Make no mistake, he is an undeniably important and essential piece, but hasn’t every Beatles fan pondered if Ringo‘s abilities could have been somehow enhanced, if he could have had someone else sit in, or was Pete Best actually worse?

Spelling-Goldberg Productions
Spelling-Goldberg Productions

Right now Vince Vaughn is having to do the most work to keep up and move beyond his very strong work in comedy over the past two decades. It’s a gamble, and a not-so-easy transition for someone who’s predominantly known as a comedic actor. Every fan of this show certainly hopes that Vaughn‘s talent will win out and he will pull off a career-altering performance.


Every Beatles fan has had to face the difficult reality that from album to album, Ringo never got better, but that never kept you from silently hoping he would. The same can be said for Vaughn as this story starts the turn for home.

Season one with Jagger and Richards, or season two with The Fab Four (with Ringo warts and all)? Either way, it’s television you can’t, shouldn’t and don’t want to miss, and is the most intense series we’ve seen since The Sopranos and Breaking Bad.

When it comes to which one I prefer, or which one I think is technically better, like the Beatles and The Stones, I’ll say, “Both.”

Kevin Donnan is a regular contributor to The Scoop, and is a sports obsessed and self-confessed Pop Culture idiot savant trapped in a frozen, northern wasteland, yet, loves all things Texas, and is the most “American” Canadian who has ever lived above the 49th parallel.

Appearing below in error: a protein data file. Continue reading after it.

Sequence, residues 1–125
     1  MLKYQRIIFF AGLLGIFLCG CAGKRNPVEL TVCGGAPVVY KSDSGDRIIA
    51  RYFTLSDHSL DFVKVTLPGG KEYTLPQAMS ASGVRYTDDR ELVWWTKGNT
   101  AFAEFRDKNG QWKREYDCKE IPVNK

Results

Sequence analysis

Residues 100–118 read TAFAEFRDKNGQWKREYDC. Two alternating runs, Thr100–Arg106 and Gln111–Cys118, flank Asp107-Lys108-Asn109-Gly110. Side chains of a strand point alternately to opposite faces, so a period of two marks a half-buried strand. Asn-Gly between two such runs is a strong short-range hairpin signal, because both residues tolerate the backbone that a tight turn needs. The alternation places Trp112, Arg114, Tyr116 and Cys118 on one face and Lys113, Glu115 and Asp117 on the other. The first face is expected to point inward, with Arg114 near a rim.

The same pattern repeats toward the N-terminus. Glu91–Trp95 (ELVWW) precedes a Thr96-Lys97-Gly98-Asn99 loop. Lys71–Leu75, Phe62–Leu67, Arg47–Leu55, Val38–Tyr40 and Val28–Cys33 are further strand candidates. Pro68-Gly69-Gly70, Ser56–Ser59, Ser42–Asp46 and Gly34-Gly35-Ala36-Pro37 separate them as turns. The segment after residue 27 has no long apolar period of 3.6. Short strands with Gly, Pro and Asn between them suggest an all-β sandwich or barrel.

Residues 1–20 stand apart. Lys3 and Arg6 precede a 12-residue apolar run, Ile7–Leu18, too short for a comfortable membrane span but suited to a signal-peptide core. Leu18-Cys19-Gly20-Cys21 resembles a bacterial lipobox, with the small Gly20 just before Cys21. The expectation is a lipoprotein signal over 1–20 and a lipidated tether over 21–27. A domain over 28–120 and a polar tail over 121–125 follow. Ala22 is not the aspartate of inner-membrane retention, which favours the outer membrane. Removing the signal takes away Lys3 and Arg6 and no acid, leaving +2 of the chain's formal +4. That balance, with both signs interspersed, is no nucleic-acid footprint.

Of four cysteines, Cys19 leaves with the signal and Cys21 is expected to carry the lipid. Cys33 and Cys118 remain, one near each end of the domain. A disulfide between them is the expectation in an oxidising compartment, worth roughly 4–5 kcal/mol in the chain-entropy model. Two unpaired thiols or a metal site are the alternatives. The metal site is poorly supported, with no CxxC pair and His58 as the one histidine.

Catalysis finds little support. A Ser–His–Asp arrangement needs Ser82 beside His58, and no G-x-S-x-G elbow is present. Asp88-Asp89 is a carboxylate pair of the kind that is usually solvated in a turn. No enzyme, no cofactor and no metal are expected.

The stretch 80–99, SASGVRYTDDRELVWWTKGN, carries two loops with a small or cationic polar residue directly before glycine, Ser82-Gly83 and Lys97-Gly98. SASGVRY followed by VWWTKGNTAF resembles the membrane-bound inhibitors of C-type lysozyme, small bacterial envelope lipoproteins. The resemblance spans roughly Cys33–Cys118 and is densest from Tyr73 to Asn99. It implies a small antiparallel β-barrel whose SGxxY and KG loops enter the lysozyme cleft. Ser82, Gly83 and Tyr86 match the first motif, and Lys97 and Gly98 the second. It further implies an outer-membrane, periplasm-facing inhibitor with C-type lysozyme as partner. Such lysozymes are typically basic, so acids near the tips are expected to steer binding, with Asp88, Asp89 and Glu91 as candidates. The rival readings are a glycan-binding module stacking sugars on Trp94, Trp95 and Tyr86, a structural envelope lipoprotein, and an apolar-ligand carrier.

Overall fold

Edie Falco Hangs up the Scrubs

“Nurse Jackie” exits as one of the most underrated shows of all time

– Kevin Donnan


(Edie Falco as Showtime’s Nurse Jackie)

If you watched The Sopranos as faithfully and relentlessly as I did, you know that very few could ever follow Carmela Soprano. When ‘Carm’ entered a room, she was a force of nature, and typically in (likely stolen) Italian pumps, a magnificent Chignon and perfect nails.

And she was all Jersey girl too. Exactly the way Bruuuuce helped us imagine that yes, even a depressive, psychopathic, tortured soul and mobster like Tony Soprano would surrender his heart because, “Nothing matters in this whole wide world, when you’re in love with a Jersey girl.”

Beautiful, tough and unbeatable. Edie Falco played the role of the smart, conflicted, devoted and all too suburban mob wife to perfection, picking up eight Emmy, SAG and Golden Globe awards.


Following The Sopranos, when it was announced that she was taking on the role of the unethical and indomitable “Nurse Jackie,” I wasn’t about to turn away after her performance as the matriarch of La Familia, North Jersey.

Now, as Nurse Jackie has come to a close after seven seasons, I wonder about the prospects of a meeting between Carmela and Jackie Peyton? That’s a showdown that would give Sergio Leone a chill.

Falco‘s first significant recognition was on the HBO series Oz as the tortured prison guard Diane Whittlesly. It was The Sopranos that launched her into the stratosphere. Her scenes with the incomparable James Gandolfini are the stuff of legend, and no matter the situation, be it in a kitchen, a funeral parlour, or a hospital room, when Carmela was in a scene you couldn’t take your eyes off of her.

The Sopranos was not for every taste, but if you had to pick one episode to simply gain an appreciation for her work, watch “Whitecaps.” It is that penultimate episode where you will see the most raw and real interpretation of a relationship laid bare. It has been rightly compared to Taylor and Burton in “Who’s Afraid of Virginia Woolf?” and if you’ve ever seen it, there is no way you could forget it.